Linseeds are also known as flaxseeds. They are a good source of Omega-3 Alpha-linolenic acid (ALA), which is important for reducing inflammation and also for general wellbeing. Linseeds are also a good source of both dietary fibre and protein, important for satiety (feeling full and satisfied).
Health benefits of linseeds
- Linseeds are a source of protein. Protein helps build and repair body tissues. It also contributes to the maintenance of normal muscle mass.
- Linseeds are high in dietary fibre. The soluble dietary fibre in the linseeds plays a role in glucose absorption and maintaining a healthy blood cholesterol level, while the insoluble dietary fibre helps to keep the gut healthy and contributes to regular laxation, thereby helping help to treat constipation.
- Linseeds are high in polyunsaturated fatty acids (PUFA’s). Replacing saturated fats with unsaturated fats (such as PUFA’s) in the diet contributes to the maintenance of normal blood cholesterol levels.
- They are also very high in the omega 3 fatty acid, ALA. ALA (Alpha-linolenic acid) contributes to the maintenance of normal blood cholesterol levels.
- A 20 g serving of linseeds per day is a source of vitamin B1 and various essential minerals. Vitamin B1 is necessary for normal carbohydrate metabolism, normal neurological and cardiac function, normal functioning of the nervous system, normal psychological functioning and normal functioning of the heart.
- Linseeds are high in copper. Copper aids in the formation of bone. It also contributes to the normal functioning of the immune system and the nervous system.
- Linseeds are a source of zinc. Zinc is necessary for normal immune function and cell division. It promotes the healing of wounds. It contributes to the normal metabolism of macronutrients. It also contributes to cognitive function, DNA synthesis, fertility and reproduction, maintenance of normal hair, skin, nails, bones and vision. Zinc contributes to the maintenance of normal testosterone levels in the blood. It contributes to the protection of cells from oxidative stress and has a role in the process of cell division. It is necessary for normal taste and smell. Zinc is a constituent of insulin and many vital enzymes. Sufficient intake and proper absorption of zinc is needed to maintain proper vitamin E levels in the blood and increases the absorption of vitamin A.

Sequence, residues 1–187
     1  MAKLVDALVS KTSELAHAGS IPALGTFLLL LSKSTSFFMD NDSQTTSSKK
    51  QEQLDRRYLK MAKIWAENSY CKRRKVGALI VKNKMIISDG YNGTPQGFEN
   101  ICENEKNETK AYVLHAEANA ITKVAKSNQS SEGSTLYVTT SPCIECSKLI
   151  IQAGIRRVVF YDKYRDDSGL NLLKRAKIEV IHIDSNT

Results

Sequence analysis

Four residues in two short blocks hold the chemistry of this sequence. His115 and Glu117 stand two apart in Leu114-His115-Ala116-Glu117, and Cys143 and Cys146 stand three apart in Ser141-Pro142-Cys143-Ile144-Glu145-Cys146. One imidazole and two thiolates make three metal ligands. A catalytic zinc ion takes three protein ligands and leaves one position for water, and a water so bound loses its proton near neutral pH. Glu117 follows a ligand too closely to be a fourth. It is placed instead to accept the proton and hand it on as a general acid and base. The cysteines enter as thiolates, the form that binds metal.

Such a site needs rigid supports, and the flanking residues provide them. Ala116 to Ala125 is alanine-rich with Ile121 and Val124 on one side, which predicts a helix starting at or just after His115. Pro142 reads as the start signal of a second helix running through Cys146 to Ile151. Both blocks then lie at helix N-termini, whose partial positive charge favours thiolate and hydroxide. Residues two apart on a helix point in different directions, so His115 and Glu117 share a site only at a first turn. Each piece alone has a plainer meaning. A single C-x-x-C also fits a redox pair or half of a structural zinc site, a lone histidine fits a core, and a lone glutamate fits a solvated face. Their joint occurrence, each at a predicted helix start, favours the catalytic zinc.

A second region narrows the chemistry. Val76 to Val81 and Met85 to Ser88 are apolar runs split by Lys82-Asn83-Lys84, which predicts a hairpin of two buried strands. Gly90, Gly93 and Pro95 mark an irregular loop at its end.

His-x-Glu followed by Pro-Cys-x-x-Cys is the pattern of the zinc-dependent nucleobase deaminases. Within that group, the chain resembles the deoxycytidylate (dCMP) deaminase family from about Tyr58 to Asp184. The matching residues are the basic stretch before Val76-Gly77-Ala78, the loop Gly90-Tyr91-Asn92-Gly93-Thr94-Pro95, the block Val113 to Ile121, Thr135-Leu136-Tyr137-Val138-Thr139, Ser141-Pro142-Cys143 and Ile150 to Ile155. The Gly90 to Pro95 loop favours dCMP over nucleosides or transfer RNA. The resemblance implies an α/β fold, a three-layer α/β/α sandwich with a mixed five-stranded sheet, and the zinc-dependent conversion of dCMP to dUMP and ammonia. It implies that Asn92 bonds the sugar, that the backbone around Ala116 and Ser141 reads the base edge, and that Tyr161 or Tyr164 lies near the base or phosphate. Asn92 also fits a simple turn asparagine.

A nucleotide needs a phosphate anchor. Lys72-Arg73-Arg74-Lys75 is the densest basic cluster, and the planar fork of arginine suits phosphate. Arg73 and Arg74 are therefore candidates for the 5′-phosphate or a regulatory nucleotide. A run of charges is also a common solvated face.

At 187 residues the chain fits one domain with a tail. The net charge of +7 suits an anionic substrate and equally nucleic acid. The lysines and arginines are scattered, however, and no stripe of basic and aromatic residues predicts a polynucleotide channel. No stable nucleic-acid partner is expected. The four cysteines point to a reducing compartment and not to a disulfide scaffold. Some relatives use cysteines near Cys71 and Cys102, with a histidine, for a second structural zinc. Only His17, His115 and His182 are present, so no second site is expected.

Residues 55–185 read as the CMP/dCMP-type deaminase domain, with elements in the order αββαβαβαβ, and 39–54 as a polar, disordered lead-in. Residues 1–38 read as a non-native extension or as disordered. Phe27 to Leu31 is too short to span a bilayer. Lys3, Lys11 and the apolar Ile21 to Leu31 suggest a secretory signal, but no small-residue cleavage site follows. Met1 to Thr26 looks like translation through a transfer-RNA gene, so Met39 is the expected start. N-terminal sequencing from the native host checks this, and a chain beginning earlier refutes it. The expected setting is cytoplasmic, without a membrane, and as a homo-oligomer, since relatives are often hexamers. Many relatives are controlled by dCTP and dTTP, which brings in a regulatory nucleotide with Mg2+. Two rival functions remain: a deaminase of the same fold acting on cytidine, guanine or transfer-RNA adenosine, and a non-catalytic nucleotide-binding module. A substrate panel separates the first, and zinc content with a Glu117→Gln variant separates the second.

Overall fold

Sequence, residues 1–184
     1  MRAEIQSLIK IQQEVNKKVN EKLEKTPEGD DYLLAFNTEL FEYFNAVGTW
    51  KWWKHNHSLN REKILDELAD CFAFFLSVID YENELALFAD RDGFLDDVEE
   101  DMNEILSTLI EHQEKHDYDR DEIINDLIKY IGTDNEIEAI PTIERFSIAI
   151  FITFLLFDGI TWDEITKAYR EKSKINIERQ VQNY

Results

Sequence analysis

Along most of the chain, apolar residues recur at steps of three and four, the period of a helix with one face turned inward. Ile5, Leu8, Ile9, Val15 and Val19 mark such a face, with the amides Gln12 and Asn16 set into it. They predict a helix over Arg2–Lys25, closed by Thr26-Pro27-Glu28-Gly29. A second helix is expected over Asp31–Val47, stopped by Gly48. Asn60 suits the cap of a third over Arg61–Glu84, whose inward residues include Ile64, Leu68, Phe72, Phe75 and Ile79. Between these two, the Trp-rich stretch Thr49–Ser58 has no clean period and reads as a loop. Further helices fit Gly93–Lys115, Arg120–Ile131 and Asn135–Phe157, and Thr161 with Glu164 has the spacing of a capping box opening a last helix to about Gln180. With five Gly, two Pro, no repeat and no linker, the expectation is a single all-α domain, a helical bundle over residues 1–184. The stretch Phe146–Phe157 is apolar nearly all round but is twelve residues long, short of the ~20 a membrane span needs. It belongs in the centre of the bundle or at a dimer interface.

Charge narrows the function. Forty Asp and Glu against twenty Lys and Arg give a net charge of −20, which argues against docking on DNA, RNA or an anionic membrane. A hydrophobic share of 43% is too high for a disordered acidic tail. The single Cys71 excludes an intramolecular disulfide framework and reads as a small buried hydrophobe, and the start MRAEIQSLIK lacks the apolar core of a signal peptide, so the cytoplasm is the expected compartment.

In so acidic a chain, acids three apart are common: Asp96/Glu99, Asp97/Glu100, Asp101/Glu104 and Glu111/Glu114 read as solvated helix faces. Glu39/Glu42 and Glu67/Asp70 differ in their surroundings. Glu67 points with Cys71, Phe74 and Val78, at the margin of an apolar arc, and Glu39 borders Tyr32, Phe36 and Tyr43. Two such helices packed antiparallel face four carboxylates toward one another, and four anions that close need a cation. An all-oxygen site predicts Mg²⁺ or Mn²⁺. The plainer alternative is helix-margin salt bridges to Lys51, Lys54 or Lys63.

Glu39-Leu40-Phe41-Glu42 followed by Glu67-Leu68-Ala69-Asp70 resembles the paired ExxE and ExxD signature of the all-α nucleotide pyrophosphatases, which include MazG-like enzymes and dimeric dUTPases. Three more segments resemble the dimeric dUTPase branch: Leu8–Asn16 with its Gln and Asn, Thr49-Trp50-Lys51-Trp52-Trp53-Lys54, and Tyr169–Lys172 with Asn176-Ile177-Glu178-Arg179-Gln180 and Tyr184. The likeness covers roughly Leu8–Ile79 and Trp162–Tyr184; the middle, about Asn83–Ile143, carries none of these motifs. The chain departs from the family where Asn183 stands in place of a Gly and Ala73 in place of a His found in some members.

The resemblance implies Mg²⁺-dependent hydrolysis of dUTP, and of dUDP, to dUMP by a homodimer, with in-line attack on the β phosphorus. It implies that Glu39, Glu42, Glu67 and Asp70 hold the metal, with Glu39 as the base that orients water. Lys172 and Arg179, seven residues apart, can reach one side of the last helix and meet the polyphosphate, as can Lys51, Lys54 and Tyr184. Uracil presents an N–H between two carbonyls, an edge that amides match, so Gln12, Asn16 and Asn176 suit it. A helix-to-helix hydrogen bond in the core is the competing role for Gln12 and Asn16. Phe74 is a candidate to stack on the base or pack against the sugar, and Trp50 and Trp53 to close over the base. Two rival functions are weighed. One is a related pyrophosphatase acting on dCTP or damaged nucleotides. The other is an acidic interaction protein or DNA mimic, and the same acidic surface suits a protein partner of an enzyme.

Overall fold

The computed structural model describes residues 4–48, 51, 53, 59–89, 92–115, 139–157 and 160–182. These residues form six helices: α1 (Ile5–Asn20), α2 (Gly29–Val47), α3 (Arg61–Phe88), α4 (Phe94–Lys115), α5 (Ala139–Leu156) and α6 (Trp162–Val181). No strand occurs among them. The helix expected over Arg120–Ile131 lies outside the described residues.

- Linseeds are a source of magnesium. Magnesium helps maintain a healthy muscle and nervous system and contributes to a reduction of tiredness and fatigue. It is also necessary for teeth and bone structure and the maintenance thereof.
- Linseeds contain more than 200 mg potassium per 20 g serving. Potassium is necessary for normal water and electrolyte balance. It also contributes to the normal functioning of the nervous system, muscle function, normal blood pressure and regular heart rhythm.
- Linseeds are low in sodium. A high intake of calcium, magnesium and potassium, together with low sodium intake, is associated with protection against bone demineralization, arterial hypertension, insulin resistance, and overall cardiovascular risk.
- Add a tablespoon of ground linseed to your hot or cold breakfast cereal.
- Add a teaspoon of ground linseed to mayonnaise or mustard when making a sandwich.
- Mix a tablespoon of linseed into a small container of yoghurt.
- Bake whole or ground linseed into cookies, muffins, bread and other baked goods.
DID YOU KNOW?
You only need 5g of linseed per day to achieve a very high intake of the Omega 3 fatty acid, ALA. This means that a 200 g bag will last you up to 6 weeks.
*Remember that linseed is best, ground because ALA (omega 3) has greater bioavailability in milled linseed than in whole linseed. However, it should be ground and enjoyed immediately and preferably not stored for a long time after grounding or it may go rancid.